Government & Politics

Jason Kander makes it official — he’s the 9th person in KC’s mayoral race

Jason Kander kicks off formal campaign for Kansas City mayor

In a packed Negro Leagues Baseball Museum Saturday afternoon, former Missouri Secretary of State Jason Kander officially announces he is running for Kansas City mayor.
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In a packed Negro Leagues Baseball Museum Saturday afternoon, former Missouri Secretary of State Jason Kander officially announces he is running for Kansas City mayor.

In a packed event space at the Negro Leagues Baseball Museum, amid the din of shouting supporters waving campaign signs, Jason Kander made his campaign for Kansas City mayor official on Saturday.

Kander, who represented Kansas City in the Missouri House for two terms before reaching the Missouri Secretary of State’s office, is the ninth mayoral candidate.

Unlike his competitors, who are either trying to work their way up through terms on the Kansas City Council or making their bids as outsiders to City Hall, Kander’s run for mayor has drawn national attention from political observers who had him pegged for higher office — Missouri Governor or the presidency seemed to match his ambitions.

In the age of Donald Trump, Democrats are looking for a national candidate who can energize its base in 2020. Kander, who was the top Democratic vote-getter in Missouri in 2016 and was the youngest statewide officeholder anywhere when elected Secretary of State, seemed like a possibility to fit that bill.

Since narrowly losing to U.S. Sen. Roy Blunt in 2016, Kander has been president of the voting rights advocacy group Let America Vote. Even Kander’s work there gave the appearance of presidential ambition — of the five field offices Let America Vote opened in 2018, two were in Iowa and New Hampshire.

“The fact he had offices in New Hampshire and Iowa sure seemed like a funny coincidence,” said Jeff Link, who runs Link Strategies, a political consulting firm in Iowa.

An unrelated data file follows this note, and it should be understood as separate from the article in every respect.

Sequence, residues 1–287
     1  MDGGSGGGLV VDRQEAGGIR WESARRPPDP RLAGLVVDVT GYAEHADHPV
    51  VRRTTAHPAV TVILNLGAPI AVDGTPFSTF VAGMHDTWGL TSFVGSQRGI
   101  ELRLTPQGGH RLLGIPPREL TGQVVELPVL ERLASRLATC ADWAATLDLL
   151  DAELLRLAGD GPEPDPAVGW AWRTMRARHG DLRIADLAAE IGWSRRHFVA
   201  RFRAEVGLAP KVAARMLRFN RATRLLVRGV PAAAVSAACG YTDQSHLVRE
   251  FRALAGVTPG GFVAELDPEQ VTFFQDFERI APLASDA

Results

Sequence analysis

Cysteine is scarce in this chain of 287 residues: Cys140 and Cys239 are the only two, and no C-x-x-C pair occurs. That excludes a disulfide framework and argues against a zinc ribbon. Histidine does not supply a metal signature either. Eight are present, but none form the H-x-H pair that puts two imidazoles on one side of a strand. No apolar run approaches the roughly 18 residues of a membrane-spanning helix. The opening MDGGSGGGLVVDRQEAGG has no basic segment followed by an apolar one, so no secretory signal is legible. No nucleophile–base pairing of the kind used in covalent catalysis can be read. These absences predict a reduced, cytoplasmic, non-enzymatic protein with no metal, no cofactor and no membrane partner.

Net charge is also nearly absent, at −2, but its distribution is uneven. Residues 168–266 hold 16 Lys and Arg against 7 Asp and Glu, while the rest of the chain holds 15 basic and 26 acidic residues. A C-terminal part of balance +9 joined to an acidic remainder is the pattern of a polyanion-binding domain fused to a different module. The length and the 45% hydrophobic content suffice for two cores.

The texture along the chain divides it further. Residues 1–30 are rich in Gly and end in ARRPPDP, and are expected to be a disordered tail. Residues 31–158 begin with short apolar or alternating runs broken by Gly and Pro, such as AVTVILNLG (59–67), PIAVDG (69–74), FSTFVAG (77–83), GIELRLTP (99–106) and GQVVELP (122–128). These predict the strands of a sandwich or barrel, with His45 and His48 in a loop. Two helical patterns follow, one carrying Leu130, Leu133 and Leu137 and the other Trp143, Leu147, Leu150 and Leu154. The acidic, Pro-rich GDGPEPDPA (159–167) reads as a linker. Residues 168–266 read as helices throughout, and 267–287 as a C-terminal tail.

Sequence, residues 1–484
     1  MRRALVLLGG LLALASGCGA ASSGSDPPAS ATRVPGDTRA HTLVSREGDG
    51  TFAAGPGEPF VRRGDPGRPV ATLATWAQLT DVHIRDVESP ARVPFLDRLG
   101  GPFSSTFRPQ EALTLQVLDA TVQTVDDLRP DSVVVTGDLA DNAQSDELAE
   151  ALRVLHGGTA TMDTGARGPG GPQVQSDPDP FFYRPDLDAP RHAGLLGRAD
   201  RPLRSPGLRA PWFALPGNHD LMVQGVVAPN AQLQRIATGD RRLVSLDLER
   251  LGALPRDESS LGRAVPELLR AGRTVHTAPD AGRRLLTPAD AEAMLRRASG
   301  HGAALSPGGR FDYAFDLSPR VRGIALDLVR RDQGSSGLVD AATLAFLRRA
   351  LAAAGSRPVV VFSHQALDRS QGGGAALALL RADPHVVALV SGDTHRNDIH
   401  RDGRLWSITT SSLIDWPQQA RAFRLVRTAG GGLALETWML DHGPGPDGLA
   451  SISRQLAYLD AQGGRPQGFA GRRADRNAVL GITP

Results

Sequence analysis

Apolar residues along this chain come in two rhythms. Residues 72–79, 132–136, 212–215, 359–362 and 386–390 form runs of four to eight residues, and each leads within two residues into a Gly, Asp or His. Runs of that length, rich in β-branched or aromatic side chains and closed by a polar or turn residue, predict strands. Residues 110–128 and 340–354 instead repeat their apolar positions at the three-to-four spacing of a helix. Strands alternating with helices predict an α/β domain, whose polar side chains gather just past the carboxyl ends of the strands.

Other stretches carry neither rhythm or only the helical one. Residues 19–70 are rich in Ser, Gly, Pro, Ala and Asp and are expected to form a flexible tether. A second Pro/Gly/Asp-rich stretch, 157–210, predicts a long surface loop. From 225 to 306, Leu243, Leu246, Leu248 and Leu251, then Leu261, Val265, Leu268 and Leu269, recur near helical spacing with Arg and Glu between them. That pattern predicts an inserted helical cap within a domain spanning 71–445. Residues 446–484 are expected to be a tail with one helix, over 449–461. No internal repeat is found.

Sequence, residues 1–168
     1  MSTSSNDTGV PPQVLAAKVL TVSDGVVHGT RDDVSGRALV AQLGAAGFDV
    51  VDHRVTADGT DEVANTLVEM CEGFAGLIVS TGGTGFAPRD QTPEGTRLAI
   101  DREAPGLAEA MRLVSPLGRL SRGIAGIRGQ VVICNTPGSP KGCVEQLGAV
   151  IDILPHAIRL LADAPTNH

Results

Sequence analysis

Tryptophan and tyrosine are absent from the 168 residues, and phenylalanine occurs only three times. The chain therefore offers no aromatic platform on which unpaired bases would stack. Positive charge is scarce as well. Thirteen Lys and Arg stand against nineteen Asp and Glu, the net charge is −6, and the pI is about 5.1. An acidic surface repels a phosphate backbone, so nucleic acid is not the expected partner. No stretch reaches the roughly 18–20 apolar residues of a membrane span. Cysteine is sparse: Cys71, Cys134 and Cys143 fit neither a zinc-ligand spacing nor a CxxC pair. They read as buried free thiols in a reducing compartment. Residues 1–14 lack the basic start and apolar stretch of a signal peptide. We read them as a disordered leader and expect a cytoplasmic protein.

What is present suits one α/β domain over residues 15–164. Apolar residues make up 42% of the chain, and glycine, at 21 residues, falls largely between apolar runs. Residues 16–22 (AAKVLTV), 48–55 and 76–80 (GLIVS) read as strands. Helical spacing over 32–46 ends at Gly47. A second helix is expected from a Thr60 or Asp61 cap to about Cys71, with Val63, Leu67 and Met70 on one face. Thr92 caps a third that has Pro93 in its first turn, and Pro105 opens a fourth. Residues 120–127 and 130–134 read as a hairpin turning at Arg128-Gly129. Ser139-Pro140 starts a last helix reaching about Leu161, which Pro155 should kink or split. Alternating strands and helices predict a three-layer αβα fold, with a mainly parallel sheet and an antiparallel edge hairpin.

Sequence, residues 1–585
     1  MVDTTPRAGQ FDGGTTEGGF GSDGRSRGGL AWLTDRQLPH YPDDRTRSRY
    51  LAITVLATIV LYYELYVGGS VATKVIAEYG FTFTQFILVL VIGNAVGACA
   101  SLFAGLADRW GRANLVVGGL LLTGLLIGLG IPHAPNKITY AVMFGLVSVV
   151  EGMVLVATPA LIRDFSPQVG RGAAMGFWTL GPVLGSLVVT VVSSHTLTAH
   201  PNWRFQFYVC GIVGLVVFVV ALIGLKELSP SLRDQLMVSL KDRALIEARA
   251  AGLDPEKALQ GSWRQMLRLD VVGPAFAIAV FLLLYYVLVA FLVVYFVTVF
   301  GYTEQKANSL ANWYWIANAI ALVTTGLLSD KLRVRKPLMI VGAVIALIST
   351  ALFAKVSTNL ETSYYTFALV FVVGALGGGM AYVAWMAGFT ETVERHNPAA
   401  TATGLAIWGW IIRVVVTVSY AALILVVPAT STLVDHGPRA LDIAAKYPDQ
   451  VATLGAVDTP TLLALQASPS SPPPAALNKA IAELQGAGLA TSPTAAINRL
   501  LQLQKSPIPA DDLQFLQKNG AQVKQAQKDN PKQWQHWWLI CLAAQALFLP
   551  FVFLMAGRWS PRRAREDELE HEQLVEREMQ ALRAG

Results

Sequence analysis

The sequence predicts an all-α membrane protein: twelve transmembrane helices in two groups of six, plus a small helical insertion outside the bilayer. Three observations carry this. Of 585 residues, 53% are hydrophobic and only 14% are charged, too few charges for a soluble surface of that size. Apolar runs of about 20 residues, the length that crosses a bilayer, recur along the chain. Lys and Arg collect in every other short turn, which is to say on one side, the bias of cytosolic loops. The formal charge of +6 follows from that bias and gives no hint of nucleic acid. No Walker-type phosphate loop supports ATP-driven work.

But Kander, 37, brushes off those connections.

“They’re hotbeds for voter suppression,” Kander said on Saturday.

They’re also hotbeds for presidential activity — Iowa has the first presidential caucus and New Hampshire fields the first president primary every four years.

Kander insists that he was thinking of ways to serve while running Let America Vote.

“What I decided was with all the progress that our city has made, with the question of will the progress continue and will it be felt in every part of the city, I believe I’m the best person to make that happen,” said Kander, flanked by Abe Rakov, the executive director for Let America Vote and who initially consulted with Phil Glynn’s Kansas City mayor campaign. “Once I came to that conclusion it was a very simple decision for me.”

So did he ever consider running for president? Kander won’t say.

“Like I said, I was considering the best way for me to serve my community, and I’m really excited for this campaign,” Kander said.

During his speech, Kander touched on a mayoral platform of keeping Kansas City’s upswing out of the doldrums of the recession, but applying the city’s success to areas that have struggled.

“I’m going to be ready to take this office on day one,” Kander said, while pledging that he would return for another term if voters would have him.

He was introduced on Saturday by a pool of local political figures, including council members Teresa Loar and Kevin McManus, Missouri House Democrat Gail McCann Beatty and former Kansas City Mayor Kay Barnes.

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